From my experience, this is what I've found:

  • Existing projects may have a specific compiler setting specified (similar to agents in the above-linked post) and so will remain as Java 1.8
  • New projects seem to use the active workspace setting, which will matter
  • Upgrades of Designer in place will keep the default compiler level for the workspace at 1.8
  • A fresh installation sets the compiler level to 17

This is all... fine. It'd be nice if it was a little more obvious to the developer (like if it was controlled by the xsp.properties setting for minimum version), but this is more or less the Eclipse way of doing things. We'll just have to be aware for a while of these settings and their interactions when developing for pre-14 deployment. If you're targeting an older server, you should make sure that you go to Project Properties for your NSF and set the Java Compiler level to fit:

Screenshot of the Java Compiler settings for an NSF

Less Critical

Alright, that covers the big-ticket stuff, but there are a few more things to know.

Java Deprecation Warning On HTTP Start

This one is documented, though oddly in the "no longer included" page: when you start HTTP on Domino, you'll see a message like this:

WARNING: A terminally deprecated method in java.lang.System has been called
WARNING: System::setSecurityManager has been called by lotus.notes.AgentSecurityManager (file:/C:/Domino/ndext/Notes.jar)
WARNING: Please consider reporting this to the maintainers of lotus.notes.AgentSecurityManager
WARNING: System::setSecurityManager will be removed in a future release

This is actually totally fine. As it says, the whole SecurityManager apparatus is gone in future versions, but Notes and Domino still use it for agents (and, unfortunately, XPages). While I long for the day when I never have to think about it again, this is a reasonable-enough compromise for 14 as a "transitional" version in its Java journey. So... you can ignore this and not worry.

"Java Main Sources" and "Java Test Sources" Working Sets

If you use Working Sets in Designer, you may notice two entries not of your creation:

Screenshot of the 'Select Working Set' dialog in Designer 14

These showed up in Eclipse somewhere along the line, presumably to make it easier for people to select those types of projects without manually managing their working sets. Designer inherits this and HCL didn't remove them, but you're free to delete them if you want.

"AbstractCompiledPage cannot be resolved"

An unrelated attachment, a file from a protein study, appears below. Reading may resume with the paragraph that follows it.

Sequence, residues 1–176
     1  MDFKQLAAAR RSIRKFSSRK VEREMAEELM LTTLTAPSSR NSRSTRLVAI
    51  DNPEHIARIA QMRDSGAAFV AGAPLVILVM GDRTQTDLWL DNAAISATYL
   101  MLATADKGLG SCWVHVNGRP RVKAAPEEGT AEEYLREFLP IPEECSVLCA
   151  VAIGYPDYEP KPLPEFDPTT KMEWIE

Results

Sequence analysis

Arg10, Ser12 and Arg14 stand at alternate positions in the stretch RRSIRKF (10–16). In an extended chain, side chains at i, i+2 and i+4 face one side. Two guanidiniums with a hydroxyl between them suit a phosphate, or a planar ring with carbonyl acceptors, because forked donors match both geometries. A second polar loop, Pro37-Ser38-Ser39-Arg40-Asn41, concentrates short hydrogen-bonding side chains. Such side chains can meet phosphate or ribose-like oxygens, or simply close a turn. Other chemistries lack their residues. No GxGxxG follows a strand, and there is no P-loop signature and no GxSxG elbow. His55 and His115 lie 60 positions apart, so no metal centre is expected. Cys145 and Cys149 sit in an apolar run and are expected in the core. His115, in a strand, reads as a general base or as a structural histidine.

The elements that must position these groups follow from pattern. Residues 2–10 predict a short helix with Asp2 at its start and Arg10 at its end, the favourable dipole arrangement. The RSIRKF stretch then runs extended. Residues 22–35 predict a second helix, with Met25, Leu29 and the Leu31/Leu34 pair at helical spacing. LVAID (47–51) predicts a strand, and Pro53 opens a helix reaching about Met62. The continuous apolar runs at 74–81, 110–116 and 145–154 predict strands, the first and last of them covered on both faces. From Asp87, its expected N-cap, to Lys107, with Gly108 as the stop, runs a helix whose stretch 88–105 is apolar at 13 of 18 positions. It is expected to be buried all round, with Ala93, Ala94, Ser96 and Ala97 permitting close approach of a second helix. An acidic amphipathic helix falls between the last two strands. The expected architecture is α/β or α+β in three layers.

This is another one that came up back in 9.0.1FP10 and it's still here, but it's less of an issue: every once in a while, when building a project, Designer will complain about the AbstractCompiledPage class not being found. In my experience, this only shows up temporarily during a build, but it's worth noting that, if it does stick around for you, a Project - Clean should fix it.

JAX-B and CORBA

After Java 8, a few Java EE components were removed from the normal JRE distribution in favor of developing them in Java EE, then Jakarta EE. JAX-B is one of them (now Jakarta XML Binding) - we don't normally use this directly, but it comes up sometimes, either directly (likely as one of the other old-timey BASE64 workarounds) or as a dependency. It shouldn't matter in Designer, but, if you're writing Domino-targeting code outside Designer, you may need to be aware. One way or another, you should add this as a dependency - in a basic case, you can add "jakarta.xml.bind-api.jar" and "jaxb-impl.jar" from "ndext" to your build path.

Similarly, CORBA support classes ("org.omg" stuff, usually) used to come with the JRE and now don't. To work around this, HCL did what I've done in the past and included "glassfish-corba-omgapi.jar", in their case putting it in "ndext". If you're using Notes.jar with Java > 8 outside Designer, you'll need this one too.

Conclusion

I think that covers it for now. Considering how much changed with Java from 8 to 17, this could have been a lot rougher, though I fear that some of these workarounds will plague us for a long time.

In the mean time, I'd appreciate it if you vote for this Aha idea to keep Domino on a good Java update cadence. It'd be a shame if we sit on 17 right up until the very end of its life, as we did with 6 and 8, in part since these multi-version moves are more painful than single-LTS updates.